Essex lorry latest: Vietnam PM orders human trafficking investigation after 39 found dead

Vietnamese Prime Minister Nguyen Xuan Phuc today ordered local authorities to establish whether the nation’s citizens are among the 39 people found dead in the back of a truck near London on Wednesday. Mr Phuc also ordered the police to launch an investigation into alleged human trafficking activities. He said in a statement: “Any violations will be strictly dealt with.”

He then demanded reports on the case from authorities by November 5.

Vietnam’s foreign ministry said in a statement today that it had instructed its London embassy to assist British police with the identification of victims.

Essex Police said at least some of the victims may have come from the Southeast Asian country.

The statement comes after the devastated parents of a Vietnamese woman thought to be among the dead in a lorry have revealed they were tricked into paying £30,000 to smugglers after they were told it was a “safe route”.

The family of 26-year-old Pham Thi Tra My have claimed she sent her mother a string of horrific messages in the moments before her death.

In one of her last messages, she wrote: “I’m sorry Dad and Mom. The way I went overseas was not successful.

”Mom, I love Dad and you so much. I’m dying because I can’t breathe. Nghen, Can Loc, Ha Tinh, Vietnam. Mom, I am so sorry, Mom.”

Nguyen Thi Phong and Pham Van Thin told CNN they paid people smugglers £30,000 for their daughter to travel to the UK via China as it also emerged the 39 people found in Essex were part of a convoy of more than 100 people travelling on three lorries trying to make it across Europe, according to community leaders and families in Vietnam.

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But the pair, who earn around $400 between them, claim the smugglers did not tell them how their daughter would reach the UK.

Pham said: “The smugglers said that this was a safe route, that people would go by airplane, car.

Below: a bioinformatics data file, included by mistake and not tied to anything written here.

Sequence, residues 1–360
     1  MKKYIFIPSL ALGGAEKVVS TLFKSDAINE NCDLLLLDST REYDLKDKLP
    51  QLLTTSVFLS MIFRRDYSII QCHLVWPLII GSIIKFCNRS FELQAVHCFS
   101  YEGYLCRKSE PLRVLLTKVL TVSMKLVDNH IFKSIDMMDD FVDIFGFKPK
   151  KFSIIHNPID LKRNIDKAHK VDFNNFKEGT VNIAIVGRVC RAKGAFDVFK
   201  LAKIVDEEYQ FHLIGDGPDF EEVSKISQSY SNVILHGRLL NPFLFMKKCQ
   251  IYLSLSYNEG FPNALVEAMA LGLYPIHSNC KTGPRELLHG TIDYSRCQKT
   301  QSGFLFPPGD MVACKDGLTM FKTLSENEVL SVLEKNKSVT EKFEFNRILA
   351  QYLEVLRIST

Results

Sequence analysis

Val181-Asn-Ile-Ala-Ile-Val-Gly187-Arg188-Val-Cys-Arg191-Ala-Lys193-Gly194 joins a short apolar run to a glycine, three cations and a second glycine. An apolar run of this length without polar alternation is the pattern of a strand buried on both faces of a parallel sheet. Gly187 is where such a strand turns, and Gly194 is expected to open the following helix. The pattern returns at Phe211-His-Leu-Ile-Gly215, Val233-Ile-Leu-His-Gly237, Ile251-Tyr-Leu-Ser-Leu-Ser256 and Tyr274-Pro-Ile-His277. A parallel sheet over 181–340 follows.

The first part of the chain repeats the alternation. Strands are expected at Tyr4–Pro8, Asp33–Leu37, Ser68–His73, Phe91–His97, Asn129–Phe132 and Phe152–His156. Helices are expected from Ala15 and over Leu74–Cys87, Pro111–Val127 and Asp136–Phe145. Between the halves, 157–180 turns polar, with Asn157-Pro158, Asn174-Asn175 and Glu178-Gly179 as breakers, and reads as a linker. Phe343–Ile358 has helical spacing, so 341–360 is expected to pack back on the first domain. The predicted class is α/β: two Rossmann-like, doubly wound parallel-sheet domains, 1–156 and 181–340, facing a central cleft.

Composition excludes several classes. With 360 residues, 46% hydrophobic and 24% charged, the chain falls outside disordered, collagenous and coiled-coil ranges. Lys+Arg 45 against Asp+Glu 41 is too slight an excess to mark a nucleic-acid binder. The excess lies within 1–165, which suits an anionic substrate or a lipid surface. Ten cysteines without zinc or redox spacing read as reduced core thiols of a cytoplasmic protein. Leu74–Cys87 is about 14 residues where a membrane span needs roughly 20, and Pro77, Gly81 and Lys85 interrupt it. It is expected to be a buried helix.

“If I had known she would go by this route, I would not have let her go.”

A human rights worker in Vietnam, who said she has spoken to the suspected victim’s family, revealed the youngster made the trip because she was desperately trying to help her debt-ridden family.


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Speaking anonymously to the BBC, the worker said: “She had just returned from Japan where she was working to try and pay off the debt, and that was not enough and so she looked for a better future.

“For this girl it is very sad that she took the risk because she was dealing with debt that was created by another man in the family.

“And I also learnt that the service that she was using was called ‘very important service’ and so it is like a business class ticket on the lorry and with that she had to pay double or three times the price of the cheap ticket.”

Two other Vietnamese families are worried having not heard from their loved ones, two citizens, who they say they have not heard from since they too departed for the UK.

In a news briefing this afternoon, Essex Police said they cannot speculate on the nationalities of those found in the lorry.

The force said establishing the identities of the victims will take some time, but will focus on engagement with the Vietnamese community.

Detective Chief Inspector Martin Pasmore also said Essex Police are investigating lines of inquiry to “establish whether there is a wider conspiracy involved” in the deaths of the 39 people.

Police are continuing to question four people arrested in connection with the deaths of the 39 people found in the lorry trailer.

A 48-year-old man from Northern Ireland was detained at Stansted Airport on Friday on suspicion of conspiracy to traffic people and manslaughter.

Officers had earlier also arrested a man and woman from Warrington, both 38 years old, on suspicion of 39 counts of manslaughter and people trafficking.

This followed the arrest of the 25-year-old man lorry driver from Northern Ireland on suspicion of murder. He remains in custody.

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